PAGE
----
Castles in the Sky The Fundamental Problem with Efforts to Save the Euro

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Part 2: Pursuing the same old Illusionary Policies

It would have been better if he had listened to politician and sociologist Ralf Dahrendorf, a member of the European Commission from 1970 to 1974. A great proponent of European unity, Dahrendorf was strongly opposed to a unified economic and fiscal policy, even though the EU consisted of only about a dozen Western European countries in the late 1990s. At the time, Dahrendorf felt that the economic cultures of the member states were "too different" for a shared economic policy.

Today the EU has almost twice as many members, and the euro zone itself is a sizeable collection of nations. It stretches from Cabo da Roca in Portugal to Tallinn in Estonia, and it unites such varying economies as tourism-centric Slovenia and industrial giant Germany, the stability-oriented Netherlands and Italy with its notorious inflationary problems. A strict set of rules is not well suited to such a colorful club, prompting Dahrendorf to warn against "chasing chimera" in European monetary policy even before the launch of the euro.

His successors are apparently determined to do just that. To safeguard Europe's currency, they are pursuing the same illusionary policies as they did when the euro was introduced. There is talk of a stability pact once more, and again it is governments and not independent authorities that would rule on possible sanctions. Allowing the perpetrator to perform the role of judge isn't exactly a code that guarantees independent decision making.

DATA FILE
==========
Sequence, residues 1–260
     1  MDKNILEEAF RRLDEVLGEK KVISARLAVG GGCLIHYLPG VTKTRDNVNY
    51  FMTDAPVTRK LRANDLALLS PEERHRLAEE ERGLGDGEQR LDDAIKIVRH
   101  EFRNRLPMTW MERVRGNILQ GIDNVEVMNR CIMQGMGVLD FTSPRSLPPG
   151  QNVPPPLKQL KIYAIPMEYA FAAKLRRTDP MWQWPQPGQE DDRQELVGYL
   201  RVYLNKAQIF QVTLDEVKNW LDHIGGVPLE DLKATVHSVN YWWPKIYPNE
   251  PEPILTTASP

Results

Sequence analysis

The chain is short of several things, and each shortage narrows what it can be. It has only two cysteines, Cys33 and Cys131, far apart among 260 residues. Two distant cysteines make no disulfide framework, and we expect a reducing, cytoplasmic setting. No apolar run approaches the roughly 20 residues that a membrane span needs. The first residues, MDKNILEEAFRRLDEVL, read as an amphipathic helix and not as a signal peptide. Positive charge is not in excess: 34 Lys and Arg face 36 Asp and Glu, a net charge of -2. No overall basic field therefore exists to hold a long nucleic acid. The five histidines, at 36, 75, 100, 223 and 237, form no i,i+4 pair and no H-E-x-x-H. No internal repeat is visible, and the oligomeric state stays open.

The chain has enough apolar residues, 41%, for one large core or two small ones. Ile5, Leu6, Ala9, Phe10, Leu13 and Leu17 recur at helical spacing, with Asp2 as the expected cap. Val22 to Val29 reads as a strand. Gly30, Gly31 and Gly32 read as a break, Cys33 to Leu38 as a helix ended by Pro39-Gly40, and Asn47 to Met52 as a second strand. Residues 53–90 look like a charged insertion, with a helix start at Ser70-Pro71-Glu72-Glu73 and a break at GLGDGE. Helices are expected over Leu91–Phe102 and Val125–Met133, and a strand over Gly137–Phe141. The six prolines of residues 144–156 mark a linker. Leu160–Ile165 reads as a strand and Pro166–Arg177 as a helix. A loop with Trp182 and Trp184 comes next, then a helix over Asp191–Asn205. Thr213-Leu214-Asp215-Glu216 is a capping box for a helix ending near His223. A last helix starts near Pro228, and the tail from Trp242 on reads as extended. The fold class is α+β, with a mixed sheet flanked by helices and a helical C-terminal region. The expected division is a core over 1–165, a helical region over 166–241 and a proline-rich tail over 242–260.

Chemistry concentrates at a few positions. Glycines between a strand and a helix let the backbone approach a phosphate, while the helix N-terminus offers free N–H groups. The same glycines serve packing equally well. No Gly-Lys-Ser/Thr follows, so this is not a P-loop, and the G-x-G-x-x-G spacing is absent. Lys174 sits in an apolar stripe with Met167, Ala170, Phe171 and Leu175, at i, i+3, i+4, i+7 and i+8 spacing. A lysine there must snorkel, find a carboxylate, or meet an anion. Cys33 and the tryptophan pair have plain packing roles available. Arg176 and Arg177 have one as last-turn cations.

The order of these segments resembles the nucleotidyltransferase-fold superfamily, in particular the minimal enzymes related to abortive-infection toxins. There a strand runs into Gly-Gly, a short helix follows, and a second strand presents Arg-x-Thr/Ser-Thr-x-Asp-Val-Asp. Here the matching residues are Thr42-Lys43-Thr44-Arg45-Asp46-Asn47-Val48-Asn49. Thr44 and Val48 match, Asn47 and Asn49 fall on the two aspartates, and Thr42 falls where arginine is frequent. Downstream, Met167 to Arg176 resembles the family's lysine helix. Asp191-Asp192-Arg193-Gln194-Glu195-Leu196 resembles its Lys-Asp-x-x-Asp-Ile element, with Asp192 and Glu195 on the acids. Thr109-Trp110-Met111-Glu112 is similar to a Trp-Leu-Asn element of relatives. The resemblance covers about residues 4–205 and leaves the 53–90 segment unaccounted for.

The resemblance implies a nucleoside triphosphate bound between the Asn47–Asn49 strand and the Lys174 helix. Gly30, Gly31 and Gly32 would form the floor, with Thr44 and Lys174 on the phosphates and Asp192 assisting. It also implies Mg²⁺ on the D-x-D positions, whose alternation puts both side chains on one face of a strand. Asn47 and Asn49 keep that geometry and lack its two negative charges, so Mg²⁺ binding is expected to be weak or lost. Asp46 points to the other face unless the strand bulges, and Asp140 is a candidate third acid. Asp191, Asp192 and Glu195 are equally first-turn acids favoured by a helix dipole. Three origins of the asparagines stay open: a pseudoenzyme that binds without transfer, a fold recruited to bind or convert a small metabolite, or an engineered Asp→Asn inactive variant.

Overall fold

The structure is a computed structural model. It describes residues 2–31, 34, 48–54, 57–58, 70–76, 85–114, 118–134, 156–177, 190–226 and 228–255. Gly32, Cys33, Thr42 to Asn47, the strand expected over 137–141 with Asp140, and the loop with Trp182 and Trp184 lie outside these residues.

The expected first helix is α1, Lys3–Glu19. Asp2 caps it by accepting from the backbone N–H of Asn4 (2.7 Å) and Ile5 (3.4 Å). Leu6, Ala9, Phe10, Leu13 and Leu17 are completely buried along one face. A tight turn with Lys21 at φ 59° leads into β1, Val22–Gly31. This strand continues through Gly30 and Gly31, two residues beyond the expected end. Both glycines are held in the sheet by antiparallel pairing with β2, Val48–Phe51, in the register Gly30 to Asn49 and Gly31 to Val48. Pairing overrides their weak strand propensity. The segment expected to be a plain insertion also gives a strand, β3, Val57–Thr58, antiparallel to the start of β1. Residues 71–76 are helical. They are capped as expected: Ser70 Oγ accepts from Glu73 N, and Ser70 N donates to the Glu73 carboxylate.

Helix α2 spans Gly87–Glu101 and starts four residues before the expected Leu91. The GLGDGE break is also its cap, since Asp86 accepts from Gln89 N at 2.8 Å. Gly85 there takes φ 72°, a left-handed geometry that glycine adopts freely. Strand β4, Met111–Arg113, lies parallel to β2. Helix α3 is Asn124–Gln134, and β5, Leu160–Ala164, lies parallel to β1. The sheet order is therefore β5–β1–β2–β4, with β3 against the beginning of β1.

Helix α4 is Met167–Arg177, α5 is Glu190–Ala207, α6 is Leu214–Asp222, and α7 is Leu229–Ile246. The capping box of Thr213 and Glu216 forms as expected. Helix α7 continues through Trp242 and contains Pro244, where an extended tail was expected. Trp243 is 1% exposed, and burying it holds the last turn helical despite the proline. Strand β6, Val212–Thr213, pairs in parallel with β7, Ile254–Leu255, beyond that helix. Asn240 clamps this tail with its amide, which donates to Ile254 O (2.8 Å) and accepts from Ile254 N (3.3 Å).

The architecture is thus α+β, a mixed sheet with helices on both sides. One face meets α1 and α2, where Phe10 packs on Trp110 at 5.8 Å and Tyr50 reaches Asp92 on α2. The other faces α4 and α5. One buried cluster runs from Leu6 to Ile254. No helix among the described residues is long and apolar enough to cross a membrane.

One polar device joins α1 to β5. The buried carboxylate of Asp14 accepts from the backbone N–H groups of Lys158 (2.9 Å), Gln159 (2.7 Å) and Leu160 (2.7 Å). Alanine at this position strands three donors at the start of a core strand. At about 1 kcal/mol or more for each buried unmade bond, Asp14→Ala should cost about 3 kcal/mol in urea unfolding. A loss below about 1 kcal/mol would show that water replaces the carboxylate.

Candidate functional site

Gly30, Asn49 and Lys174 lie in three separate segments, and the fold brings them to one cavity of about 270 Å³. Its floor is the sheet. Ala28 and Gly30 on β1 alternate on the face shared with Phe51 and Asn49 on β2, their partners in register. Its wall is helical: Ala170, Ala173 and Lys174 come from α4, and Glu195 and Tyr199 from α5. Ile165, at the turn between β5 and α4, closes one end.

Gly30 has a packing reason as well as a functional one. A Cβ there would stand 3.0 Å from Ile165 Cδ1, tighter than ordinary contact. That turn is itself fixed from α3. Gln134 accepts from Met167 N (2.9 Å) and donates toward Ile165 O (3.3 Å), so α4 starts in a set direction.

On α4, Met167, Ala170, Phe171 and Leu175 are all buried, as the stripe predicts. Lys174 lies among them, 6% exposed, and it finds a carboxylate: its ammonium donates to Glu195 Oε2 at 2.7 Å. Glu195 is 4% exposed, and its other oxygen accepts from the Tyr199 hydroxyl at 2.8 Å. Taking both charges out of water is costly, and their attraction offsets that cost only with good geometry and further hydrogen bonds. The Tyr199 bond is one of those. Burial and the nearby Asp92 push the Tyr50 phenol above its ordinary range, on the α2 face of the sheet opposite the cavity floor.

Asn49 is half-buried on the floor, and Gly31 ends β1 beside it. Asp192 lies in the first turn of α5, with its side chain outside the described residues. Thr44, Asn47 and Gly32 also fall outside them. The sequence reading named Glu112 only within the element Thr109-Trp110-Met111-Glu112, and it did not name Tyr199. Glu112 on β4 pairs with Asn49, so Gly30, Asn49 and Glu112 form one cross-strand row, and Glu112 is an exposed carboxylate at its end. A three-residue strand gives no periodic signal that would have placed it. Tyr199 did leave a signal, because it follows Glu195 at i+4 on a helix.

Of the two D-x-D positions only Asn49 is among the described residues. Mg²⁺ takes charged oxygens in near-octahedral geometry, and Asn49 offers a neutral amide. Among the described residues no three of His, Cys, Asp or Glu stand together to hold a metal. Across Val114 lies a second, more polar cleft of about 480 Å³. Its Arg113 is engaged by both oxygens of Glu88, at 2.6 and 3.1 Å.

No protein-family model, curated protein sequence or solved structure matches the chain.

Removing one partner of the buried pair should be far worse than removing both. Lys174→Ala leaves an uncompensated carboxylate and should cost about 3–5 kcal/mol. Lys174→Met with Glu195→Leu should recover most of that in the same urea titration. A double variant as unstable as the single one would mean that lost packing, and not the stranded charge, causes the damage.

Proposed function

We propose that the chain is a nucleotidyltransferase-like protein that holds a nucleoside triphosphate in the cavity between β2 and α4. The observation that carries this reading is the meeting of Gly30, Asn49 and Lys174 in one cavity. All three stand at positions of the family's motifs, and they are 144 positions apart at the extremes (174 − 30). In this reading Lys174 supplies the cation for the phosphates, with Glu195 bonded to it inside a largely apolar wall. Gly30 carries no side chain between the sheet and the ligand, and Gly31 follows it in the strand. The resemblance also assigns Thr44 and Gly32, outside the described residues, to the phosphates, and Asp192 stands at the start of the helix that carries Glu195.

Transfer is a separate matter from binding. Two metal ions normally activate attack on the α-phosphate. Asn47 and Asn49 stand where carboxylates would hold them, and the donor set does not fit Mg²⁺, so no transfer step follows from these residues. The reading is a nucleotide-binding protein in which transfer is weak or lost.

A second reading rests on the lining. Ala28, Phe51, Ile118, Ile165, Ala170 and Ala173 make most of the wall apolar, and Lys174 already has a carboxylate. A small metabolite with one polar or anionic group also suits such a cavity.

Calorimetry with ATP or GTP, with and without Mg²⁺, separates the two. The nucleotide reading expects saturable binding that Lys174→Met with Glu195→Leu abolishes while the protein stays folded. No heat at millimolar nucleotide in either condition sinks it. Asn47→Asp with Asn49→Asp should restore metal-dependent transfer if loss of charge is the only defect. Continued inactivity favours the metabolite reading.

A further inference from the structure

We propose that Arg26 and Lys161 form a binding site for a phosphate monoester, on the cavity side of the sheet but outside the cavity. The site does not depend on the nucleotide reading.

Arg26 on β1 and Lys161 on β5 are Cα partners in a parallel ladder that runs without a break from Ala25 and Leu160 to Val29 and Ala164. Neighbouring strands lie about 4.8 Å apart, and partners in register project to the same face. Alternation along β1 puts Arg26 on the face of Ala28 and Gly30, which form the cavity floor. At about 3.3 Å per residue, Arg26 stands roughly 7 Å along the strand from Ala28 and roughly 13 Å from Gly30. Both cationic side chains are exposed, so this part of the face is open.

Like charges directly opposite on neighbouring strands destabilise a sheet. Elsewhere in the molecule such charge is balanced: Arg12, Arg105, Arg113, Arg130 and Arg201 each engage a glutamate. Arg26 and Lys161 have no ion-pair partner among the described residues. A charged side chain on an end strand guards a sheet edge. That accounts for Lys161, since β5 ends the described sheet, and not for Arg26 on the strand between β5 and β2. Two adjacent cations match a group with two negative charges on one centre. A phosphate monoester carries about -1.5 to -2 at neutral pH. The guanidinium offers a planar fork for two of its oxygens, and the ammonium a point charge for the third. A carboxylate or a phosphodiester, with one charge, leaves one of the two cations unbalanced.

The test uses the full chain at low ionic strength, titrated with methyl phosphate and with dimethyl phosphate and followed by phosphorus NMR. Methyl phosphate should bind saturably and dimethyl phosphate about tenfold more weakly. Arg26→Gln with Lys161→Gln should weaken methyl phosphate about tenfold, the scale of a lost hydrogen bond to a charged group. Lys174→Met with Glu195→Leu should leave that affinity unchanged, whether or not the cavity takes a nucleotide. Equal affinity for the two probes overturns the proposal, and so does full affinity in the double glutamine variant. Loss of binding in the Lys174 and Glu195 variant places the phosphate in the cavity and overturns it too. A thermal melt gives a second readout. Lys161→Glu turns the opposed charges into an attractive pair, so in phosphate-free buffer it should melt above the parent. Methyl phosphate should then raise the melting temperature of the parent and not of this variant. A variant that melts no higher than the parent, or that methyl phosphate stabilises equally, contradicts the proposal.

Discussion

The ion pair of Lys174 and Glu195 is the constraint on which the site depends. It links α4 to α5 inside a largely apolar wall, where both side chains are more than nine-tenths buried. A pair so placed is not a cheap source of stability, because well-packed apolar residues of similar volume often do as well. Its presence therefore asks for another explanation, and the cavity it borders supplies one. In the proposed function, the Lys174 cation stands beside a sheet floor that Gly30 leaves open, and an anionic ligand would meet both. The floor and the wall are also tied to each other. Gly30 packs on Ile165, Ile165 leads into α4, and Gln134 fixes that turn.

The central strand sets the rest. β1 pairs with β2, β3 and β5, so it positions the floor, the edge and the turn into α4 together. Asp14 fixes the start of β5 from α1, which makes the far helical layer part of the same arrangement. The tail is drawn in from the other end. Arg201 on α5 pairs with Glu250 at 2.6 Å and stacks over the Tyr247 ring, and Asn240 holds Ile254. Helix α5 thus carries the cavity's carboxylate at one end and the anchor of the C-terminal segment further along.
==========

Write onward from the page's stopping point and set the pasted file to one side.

The "Divisiveness Pact"

Chancellor Merkel has also worked out a new competition pact, which would pursue reforms of wages, pensions and taxes across national borders. The agreement is for the most part not legally binding, the German chancellor pointed out before the summit. Nevertheless, her European counterparts removed virtually all concrete requirements from the text, ensuring that the supposed pact would not commit any European leader to anything. This prompted the London-based Economist to derisively dub it the "divisiveness pact."

Even die-hard proponents of integration are now convinced that this is not the way to promote progress in Europe. Former European Commission Presidents Jacques Delors and Romano Prodi, as well as ex-Belgian Prime Minister Guy Verhofstadt, call the plans for a competition pact "ineffective" and say that they will "not produce any results."

They recently announced their own proposal, which is indeed of a different caliber. If this experienced trio of European politicians had its way, the Commission would have the power, in the future, to impose strict rules on member states with regard to retirement age, corporate taxes, wages and R&D expenditures. They propose adding new EU commissioners to monitor compliance with these rules and impose penalties when national governments fail to cooperate. The European Commission needs to finally get "access to economic policy," the authors write, to enable it to force Europe onto "the path of convergence."

This sounds like a clear concept, but it is also reminiscent of Gosplan, the central state planning committee of the former Soviet Union. The European Commission has already introduced a strict regimen of quotas for products like light bulbs and biofuel, angering many consumers. Under the concepts devised by Delors, Prodi and Verhofstadt, the principle would be applied to virtually the entire economy. It would be a sure-fire way to further increase the public's disenchantment with Brussels.